Haijiang Cai, Ph.D.

Associate Professor
Haijiang Cai, Ph.D.

Office: Rm 427 Gould-Simpson
Mailing Address:
Department of Neuroscience
University of Arizona
GS 611, 1040 E. 4th St. PO Box 210077
Tucson, AZ 85721-0077


B.S. USTC, 2001; Ph.D. USC, 2007; Postdoc, Caltech, 2008-2015.


We are studying neural circuit mechanisms of animal behaviors in health and disease, with a focus on understanding how the neural circuits regulate eating and emotional behaviors such as fear, anxiety, and depression.

We use multidisciplinary approaches including transgenic mice, optogenetics, chemogenetics, in vivo calcium imaging, various behavioral assays, brain slice electrophysiology, virus and non-virus based neuronal tracing, stereotaxic injection and surgery,  immunohistology and microscopy imaging.

1. Interactions of the eating and emotion neural circuits. One fascinating and important phenomenon (or problem) in neuroscience is that many neuronal disorder are co-morbid. For example, most eating disorder patients also have emotional disorders such as depression and anxiety. However, little is known about the neurobiology underlying eating disorders, even less is known about their relationship with emotional disorders. Recently, we have identified a specific population of neurons in the central extended amygdala (CEA), a region known for emotion control, that play important roles in regulating eating behaviors. This result has opened a unique door to understanding the interactions of eating and emotion at the circuits level. [Arizona Public Media: Episode 194: Researching eating disorders with lab mice]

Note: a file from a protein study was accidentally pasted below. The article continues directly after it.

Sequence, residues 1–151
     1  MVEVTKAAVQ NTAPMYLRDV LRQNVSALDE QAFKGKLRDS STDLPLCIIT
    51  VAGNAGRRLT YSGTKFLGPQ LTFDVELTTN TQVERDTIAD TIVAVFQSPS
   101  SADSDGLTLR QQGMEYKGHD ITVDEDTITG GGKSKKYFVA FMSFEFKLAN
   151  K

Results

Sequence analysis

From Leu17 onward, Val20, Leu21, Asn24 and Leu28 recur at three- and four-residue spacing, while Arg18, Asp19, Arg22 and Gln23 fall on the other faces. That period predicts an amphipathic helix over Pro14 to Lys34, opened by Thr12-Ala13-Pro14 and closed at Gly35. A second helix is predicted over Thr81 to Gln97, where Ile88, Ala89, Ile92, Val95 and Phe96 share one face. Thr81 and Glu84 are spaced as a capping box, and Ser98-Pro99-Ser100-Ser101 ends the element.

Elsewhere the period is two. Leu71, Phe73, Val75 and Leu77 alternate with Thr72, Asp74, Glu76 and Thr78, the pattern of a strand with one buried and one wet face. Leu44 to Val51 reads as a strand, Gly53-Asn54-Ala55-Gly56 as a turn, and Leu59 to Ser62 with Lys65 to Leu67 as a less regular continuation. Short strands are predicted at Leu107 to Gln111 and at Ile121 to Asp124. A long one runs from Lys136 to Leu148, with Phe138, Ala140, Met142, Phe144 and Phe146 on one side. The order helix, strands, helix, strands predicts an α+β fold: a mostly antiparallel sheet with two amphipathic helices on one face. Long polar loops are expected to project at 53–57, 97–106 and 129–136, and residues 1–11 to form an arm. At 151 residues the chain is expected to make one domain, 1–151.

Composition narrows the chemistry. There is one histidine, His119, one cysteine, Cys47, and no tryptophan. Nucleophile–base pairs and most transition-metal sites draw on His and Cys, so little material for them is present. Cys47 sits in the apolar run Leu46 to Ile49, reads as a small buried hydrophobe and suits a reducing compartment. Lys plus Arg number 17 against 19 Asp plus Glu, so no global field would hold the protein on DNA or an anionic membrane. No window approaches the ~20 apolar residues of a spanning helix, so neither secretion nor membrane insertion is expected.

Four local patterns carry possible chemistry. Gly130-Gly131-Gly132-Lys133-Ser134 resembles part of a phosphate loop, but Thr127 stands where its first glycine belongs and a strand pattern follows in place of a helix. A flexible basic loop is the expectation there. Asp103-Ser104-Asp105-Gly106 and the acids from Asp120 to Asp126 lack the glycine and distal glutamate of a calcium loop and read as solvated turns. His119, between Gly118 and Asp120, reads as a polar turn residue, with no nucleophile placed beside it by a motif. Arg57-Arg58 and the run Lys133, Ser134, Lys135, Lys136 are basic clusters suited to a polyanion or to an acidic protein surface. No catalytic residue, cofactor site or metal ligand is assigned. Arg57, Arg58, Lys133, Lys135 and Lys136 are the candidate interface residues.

Eating Emotion Gif Description

2. Brain circuits for gut-brain communication.  Satiation signals such as CCK are released in the gastrointestinal tract (GI tract) during a meal. They activate the vagus nerves to reach the central brain nucleus tractus solitarius (NTS), and then to the parabrachial nucleus (PBN). PBN sends information further to CEA and other nucleus to stop eating. Other anorexigenic signals including visceral malaise and bitter tastant, are also using similar pathways to reach the brain regions to mediate various behavioral responses. Interestingly, CEA neurons represent the first inhibitory relay in this pathway. Therefore, functional circuits mapping using c-Fos cannot go further downstream of this pathway directly. The genetic identification of CEA neurons provided us a fascinating tool to investigate the gut-brain communication in a specific way and to determine the downstream brain regions after CEA.

3. Eating and emotion circuits in energy balance, metabolism, and obesity.  More and more evidences suggest that the neural circuits regulate emotion and acute eating behaviors also contribute to the long term homeostasis of energy balance, metabolism, and body weight. Do CEA neural circuits also regulate obesity, a more and more serious global health problem in modern society? The neurons in the hypothalamic nuclei, including lateral hypothalamus, arcuate nucleus, and paraventricular hypothalamic nucleus, have been well demonstrated to be involved in acute eating regulation and long term energy homeostasis. What is the relationship of the CEA eating circuits to the circuits in the hypothalamic nuclei?

SELECTED PUBLICATIONS (click here for the complete list)

  1. Schnapp WI, Kim J, Wang Y, Timilsena S, Fang C, Cai H. Development of activity-based anorexia requires PKC-δ neurons in two central extended amygdala nuclei. Cell Rep. 2024 Mar 26;43(3):113933. doi: 10.1016/j.celrep.2024.113933. Epub 2024 Mar 8. PubMed PMID: 38460131.
    News & Media: UA News